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Tree Information x

Identifier: NR/1373
Tree Type: Single
Registered By: Smillie, M.J.
Registration Category: Notable tree – National interest
General Notes:
Trounson Kauri Park contains the best remaining kauri dominant forest in New Zealand. Waipoua Forest, 10 km to the northwest and home to the largest kauri trees, tends towards mixed kauri/podocarp/broadleaf forest, with isolated, dense kauri groves. Tronsoun Kauri Park, in comparison, has two thirds of the original forest dominated by kauri.

A study from 1999 measured that 85% of the basal area in the forest, and over 95% of the above ground biomass, is kauri in this area of the park. Of the 17 large trees in the sample plot examined for that study, the average DBH was 1.5 m (maximum 2.16 m), average stem height was 12 m (maximum 15.7), average total height 32 m (maximum 50.8 m, method unknown). The average stem volume was measured at 22 cubic metres. The average total wood volume, based on an extrapolation of wood volume measured from smaller trees, was 64 cubic metres. The largest tree had an estimated wood volume of 150 cubic metres (stem volume of 37 cubic metres).

Originally only 3 ha was reserved by the Government in 1890, but James Trounson added a little over 21 ha several years later in order to preserve the kauri rich forest of the region. The park opened in 1921 after a further contribution of government land, eventually growing to a total of 586 ha, including 283 ha of native forest. The largest tree in the park has been marked out since around the time of the parks creation. Described by Sale as an "...old and dying tree about 1000 years old..." it appears to be surviving with little difficulty, and with no change in appearance from photographs dating from the 1920's (aside from no longer being used as an axe stand ).

This tree should not be confused with another tree, named after James Trounson, that grew in nearby Kaihu Forest. The "Trounson Kauri", around 15 to 16 m in girth and about the same length to the first branch was one of the largest ever photographed (one photograph is seen on page 198 of Sale's book, and is reproduced here). It burnt down in a forest fire in 1907.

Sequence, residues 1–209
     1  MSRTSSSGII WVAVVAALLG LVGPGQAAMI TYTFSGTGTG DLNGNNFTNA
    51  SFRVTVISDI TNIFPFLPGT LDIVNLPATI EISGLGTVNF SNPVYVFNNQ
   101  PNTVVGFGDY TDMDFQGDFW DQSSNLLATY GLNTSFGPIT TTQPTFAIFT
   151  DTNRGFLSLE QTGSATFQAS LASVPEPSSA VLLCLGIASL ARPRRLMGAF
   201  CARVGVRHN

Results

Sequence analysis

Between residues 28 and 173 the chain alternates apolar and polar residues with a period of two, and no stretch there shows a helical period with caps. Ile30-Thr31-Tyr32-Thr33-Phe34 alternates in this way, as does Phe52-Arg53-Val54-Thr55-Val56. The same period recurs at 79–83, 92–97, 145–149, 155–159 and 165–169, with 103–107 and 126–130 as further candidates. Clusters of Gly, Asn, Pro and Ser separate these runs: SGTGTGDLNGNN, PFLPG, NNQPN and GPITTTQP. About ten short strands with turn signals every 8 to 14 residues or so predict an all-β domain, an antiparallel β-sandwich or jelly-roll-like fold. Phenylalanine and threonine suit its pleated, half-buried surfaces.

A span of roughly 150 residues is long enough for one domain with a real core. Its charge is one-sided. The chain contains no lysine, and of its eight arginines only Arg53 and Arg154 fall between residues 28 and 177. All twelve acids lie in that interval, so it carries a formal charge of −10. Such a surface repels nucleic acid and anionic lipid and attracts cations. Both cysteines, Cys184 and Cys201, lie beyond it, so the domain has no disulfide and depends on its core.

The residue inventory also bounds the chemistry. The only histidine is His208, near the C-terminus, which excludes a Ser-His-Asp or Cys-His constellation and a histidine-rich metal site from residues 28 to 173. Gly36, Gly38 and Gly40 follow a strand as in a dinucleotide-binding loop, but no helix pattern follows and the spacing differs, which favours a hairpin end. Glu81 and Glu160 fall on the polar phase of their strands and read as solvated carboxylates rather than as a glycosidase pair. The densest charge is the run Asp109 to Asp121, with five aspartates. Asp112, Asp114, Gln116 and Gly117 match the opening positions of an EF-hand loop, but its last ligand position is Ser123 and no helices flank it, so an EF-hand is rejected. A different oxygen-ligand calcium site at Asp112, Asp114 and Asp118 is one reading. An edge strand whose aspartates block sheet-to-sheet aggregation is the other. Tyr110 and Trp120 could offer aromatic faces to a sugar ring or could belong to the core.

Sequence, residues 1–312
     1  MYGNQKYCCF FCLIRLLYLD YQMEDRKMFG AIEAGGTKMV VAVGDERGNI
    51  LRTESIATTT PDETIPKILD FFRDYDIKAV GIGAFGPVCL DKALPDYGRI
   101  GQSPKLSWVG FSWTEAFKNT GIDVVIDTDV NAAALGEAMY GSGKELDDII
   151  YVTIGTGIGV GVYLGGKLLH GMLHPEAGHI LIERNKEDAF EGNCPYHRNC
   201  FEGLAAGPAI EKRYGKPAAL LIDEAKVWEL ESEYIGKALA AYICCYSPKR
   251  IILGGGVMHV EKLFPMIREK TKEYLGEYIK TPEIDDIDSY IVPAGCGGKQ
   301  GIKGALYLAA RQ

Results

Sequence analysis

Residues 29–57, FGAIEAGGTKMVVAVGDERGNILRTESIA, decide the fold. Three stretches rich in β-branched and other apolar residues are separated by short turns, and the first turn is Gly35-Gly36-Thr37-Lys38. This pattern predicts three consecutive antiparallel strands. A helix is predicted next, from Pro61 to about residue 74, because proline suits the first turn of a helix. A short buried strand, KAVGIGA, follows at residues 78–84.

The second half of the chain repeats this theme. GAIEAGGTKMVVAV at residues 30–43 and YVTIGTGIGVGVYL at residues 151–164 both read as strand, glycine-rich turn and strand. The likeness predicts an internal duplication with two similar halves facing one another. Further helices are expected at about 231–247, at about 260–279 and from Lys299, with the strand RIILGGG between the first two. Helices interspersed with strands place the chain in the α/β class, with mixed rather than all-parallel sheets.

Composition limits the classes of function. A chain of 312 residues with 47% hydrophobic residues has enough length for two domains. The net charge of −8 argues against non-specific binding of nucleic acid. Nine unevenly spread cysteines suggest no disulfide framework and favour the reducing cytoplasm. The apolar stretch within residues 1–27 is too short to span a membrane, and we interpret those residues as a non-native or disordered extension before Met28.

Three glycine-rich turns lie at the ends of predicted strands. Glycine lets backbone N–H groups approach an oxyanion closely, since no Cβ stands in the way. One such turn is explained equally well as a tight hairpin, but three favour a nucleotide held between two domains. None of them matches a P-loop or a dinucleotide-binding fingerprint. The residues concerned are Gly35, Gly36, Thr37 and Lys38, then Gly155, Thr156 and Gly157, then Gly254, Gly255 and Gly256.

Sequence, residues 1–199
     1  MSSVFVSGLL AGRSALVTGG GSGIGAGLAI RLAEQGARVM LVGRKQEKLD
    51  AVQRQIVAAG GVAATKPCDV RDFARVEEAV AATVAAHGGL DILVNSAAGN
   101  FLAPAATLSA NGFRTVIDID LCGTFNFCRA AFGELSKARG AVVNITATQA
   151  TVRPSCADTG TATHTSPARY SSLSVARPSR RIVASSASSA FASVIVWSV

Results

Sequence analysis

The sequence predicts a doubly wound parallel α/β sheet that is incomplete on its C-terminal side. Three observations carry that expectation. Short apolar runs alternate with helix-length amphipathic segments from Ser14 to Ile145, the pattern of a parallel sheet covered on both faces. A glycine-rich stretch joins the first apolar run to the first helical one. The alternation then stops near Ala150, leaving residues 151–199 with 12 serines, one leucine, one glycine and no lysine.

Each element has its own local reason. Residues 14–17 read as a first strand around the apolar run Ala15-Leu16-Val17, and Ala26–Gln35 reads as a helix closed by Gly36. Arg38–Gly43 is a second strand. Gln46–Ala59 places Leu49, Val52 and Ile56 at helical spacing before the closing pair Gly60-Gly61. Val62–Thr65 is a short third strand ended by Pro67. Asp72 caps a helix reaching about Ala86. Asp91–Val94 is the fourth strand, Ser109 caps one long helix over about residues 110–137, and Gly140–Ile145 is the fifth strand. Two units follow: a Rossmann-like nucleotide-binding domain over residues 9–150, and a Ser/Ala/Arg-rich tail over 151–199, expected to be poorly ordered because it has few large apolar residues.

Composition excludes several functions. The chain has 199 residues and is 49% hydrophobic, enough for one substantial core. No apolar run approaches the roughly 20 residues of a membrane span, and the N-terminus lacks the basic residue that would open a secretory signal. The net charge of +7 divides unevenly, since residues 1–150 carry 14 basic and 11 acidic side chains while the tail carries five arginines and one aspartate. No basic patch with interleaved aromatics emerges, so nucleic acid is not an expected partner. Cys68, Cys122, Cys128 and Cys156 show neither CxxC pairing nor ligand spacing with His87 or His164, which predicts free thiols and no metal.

E.V. Sale, Quest for the Kauri, 1978, pages 112, 198

A.H. Reed, The New Story of the Kauri, 1964, pg 236

W. B. Silvester & T. A. Orchard (1999) The biology of kauri (Agathis australis) in New Zealand. Production, biomass, carbon storage, and litter fall in four forest remnants , New Zealand Journal of Botany, 37:3, 553-571

Single Tree Details

Genus: Agathis
Species: australis
Common names: kauri,
Given Name: Trounson Big Tree
Height: 42.10m
Height measurement method: Laser Nikon Forestry 550
Height Comments: Shot through canopy to tallest visible top
Girth: 1100 cm
Girth measurement height: 1.4 m
Girth Comments: The girth was not directly measured to avoid damage to the roots of the tree and to minimise risk of PTA infection. The value used is that derived from the 3.5 m DBH stated on an information board in front of the tree. The centre girth was stated as 35 feet 4 inches in Reed (1964), or equivalent to a diameter of 3.43 m, 3.8 m above ground.
Diameter: 350.1 cm
Crown Spread A: 35.30m
Crown Spread B: 35.30m
Avg. Crown Spread: 35.30m
Actual Planting Date: actual date not specified
Approx. Planting Date:
e.g. circa. 1860
Current Age: not known years
Tree Health Description: "An old and dying tree" in 1978 is still "an old and dying tree" in 2016, or the typical appearance of large old kauri!
Tree Form Type: Single Trunk
Number of Trunks: 1
Tree Form Comments: Short, 7.6 m bole to first branch.
Champion Tree Score: 600
Local Protection Status: Yes
Tree Present: Yes
STEM Score: 0


Date Observer Action
25 Apr 2016 Smillie, M.J.


Lat/Long: -35.723167371118286 / 173.64537275520024
Location Name: Trounson Kauri Park
Address: Trounson Kauri Park Road
City/Town: Donnellys Crossing
Region: Northland
Location Description: Close to the middle of the loop track in the north east of the park, somewhat hidden by regrowth. To avoid damage to the delicate feeding roots, and to minimise risk of PTA, stay on the track at all times. All footwear and equipment should be clean and disinfected before and after walking the track.
Public Accessibility: Department of Conservation
Local Authority: Far North District Council


Preview Credit Date
Matt Smillie 25 Apr 2016
Matt Smillie 25 Apr 2016
Matt Smillie 25 Apr 2016
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